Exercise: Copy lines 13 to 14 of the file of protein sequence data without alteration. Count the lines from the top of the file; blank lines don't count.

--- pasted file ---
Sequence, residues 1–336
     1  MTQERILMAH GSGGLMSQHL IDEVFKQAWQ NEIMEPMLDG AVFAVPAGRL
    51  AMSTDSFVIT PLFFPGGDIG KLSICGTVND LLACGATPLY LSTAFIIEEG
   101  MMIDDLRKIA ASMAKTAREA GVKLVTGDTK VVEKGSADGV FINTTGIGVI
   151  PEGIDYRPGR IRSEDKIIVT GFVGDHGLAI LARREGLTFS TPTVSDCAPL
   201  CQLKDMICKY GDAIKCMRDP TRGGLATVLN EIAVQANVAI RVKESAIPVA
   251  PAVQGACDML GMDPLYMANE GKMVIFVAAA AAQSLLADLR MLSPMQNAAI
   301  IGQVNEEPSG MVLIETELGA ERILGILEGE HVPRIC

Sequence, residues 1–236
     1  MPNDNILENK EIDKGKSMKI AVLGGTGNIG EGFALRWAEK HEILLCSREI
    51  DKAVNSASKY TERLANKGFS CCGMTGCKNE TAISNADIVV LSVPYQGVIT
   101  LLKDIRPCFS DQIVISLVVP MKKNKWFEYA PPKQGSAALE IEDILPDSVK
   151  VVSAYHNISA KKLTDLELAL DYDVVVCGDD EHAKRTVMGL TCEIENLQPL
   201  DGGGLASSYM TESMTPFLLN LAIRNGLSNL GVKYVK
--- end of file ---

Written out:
   151  VVSAYHNISA KKLTDLELAL DYDVVVCGDD EHAKRTVMGL TCEIENLQPL
   201  DGGGLASSYM TESMTPFLLN LAIRNGLSNL GVKYVK